The Geneseo men's basketball team is taking a new approach to the game this year in the hopes of improving their chances of winning the SUNYAC Tournament. Although the Knights went 16-10—12-6 in conference play—and also secured the second seed in the SUNYAC Tournament last year, they fell to ensuing champion SUNY Oswego in the semifinals.
"I think that we can contend again, but we're just going to be very different," head coach Steve Minton said. "We're going to be a little smaller and we're going to play a little differently, but I still really like the talent pool."
The biggest loss will be forward Gordon Lyons ‘15, who averaged a team-high 20.6 points per game and also led Division III in rebounding with 12.6 rebounds per game as a senior. Five of the team's six leading scorers from last season graduated, leaving a big hole for the newcomers to fill.
One key returning player is sophomore guard Kevin Crockett, who started 11 games last season and averaged 10.1 points per game and shot 48.9 percent from the field and 46.6 percent from three-point range. Along with Crockett, Minton noted transfer junior guards Justin Ringen and John Decker as players ready to step up this season. Both Ringen and Decker played Division II basketball at Dominican College.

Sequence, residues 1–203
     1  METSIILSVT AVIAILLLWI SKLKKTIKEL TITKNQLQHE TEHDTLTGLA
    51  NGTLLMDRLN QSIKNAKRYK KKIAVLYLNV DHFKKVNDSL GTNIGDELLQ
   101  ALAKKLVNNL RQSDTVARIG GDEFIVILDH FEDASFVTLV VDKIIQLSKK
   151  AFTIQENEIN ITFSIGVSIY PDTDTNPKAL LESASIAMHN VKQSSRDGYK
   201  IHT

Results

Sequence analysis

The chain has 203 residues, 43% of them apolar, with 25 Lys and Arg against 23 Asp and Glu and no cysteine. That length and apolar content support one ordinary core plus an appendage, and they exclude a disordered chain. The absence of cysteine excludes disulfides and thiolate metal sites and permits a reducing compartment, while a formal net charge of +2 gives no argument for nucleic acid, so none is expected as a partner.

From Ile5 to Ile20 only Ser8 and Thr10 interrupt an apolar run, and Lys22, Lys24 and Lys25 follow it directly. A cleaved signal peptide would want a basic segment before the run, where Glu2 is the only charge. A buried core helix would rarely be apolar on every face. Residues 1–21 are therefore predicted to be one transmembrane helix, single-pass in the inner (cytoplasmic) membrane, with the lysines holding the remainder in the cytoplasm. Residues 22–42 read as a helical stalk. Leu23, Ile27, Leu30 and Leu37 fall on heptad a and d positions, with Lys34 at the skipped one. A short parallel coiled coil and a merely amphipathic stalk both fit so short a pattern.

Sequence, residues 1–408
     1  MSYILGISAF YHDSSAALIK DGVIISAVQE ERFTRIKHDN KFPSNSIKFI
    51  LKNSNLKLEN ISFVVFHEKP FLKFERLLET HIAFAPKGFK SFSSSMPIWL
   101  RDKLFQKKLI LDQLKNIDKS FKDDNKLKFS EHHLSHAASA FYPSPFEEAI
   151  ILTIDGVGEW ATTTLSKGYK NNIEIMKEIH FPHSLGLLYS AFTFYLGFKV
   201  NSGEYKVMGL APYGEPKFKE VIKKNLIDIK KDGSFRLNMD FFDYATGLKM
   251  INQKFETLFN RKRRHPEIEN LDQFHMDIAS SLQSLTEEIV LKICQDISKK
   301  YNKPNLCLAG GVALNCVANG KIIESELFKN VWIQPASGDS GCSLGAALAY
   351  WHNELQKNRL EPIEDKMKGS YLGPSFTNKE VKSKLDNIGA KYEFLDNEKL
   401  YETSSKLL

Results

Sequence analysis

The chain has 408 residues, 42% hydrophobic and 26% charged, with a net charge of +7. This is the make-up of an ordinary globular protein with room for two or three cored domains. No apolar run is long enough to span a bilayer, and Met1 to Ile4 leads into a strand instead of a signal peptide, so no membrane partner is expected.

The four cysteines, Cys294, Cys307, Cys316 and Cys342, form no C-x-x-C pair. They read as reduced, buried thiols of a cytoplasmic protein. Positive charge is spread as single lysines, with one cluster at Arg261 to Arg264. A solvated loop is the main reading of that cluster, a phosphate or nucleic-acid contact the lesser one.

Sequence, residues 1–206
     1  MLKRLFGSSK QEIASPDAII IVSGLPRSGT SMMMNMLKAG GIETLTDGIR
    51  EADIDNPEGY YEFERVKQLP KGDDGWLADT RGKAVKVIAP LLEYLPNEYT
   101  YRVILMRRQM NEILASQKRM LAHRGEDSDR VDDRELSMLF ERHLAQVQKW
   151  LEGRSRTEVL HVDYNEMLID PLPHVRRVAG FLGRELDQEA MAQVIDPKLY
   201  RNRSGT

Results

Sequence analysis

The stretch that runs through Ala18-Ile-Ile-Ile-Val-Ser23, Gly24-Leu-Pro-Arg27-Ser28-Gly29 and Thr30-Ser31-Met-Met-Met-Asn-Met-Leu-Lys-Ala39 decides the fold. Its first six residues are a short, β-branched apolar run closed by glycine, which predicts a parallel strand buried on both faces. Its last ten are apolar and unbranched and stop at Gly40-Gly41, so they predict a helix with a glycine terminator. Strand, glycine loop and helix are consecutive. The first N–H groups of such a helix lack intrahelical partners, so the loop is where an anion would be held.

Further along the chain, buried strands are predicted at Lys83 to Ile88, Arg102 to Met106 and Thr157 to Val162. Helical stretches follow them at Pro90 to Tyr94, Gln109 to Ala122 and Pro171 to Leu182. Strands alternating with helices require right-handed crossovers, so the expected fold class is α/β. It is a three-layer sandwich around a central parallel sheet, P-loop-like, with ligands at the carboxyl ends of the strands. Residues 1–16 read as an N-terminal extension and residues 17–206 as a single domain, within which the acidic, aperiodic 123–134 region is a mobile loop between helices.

A successful season for the Knights will also heavily rely on internal development. With Lyons gone, 6-foot-7 senior forward Nick Fessenden will see a lot more playing time.
"We're really hoping that [Fessenden], who is a senior this year, can come around and do some things for us," Minton said. "I think he's capable of being one of the top rebounders in the league."
Fessenden is one of four players on the roster 6-foot-6 or taller, although two of these four players are freshmen who are not guaranteed immediate playing time. As a result, rebounding remains a considerable concern.
"When you graduate that size and the new players aren't really that big, the rebounding is going to be a point of concern," Minton said.
In addition to losing height, a couple of new rule changes may impact the Knights' style of play. First, the NCAA brought the shot clock down from 35 seconds to 30 seconds, which will increase the pace of the game. Additionally, the NCAA has created a firm 10-second count to advance the ball to the frontcourt. That means that if a team calls a timeout after eight seconds without having advanced the ball past half court, they have only two seconds to get the ball across after inbounding. It used to be that after timeouts or deflections, the count would reset to 10, but this is no longer the case.
"Because of those rule changes, you're going to see more teams pressing and more teams playing a little faster," Minton said. "I think we've begun to make a commitment to that. Because our strength this year is with our guard play, you may see more three-pointers than in the past."
The Knights will open their season on Nov. 14 at Medaille College.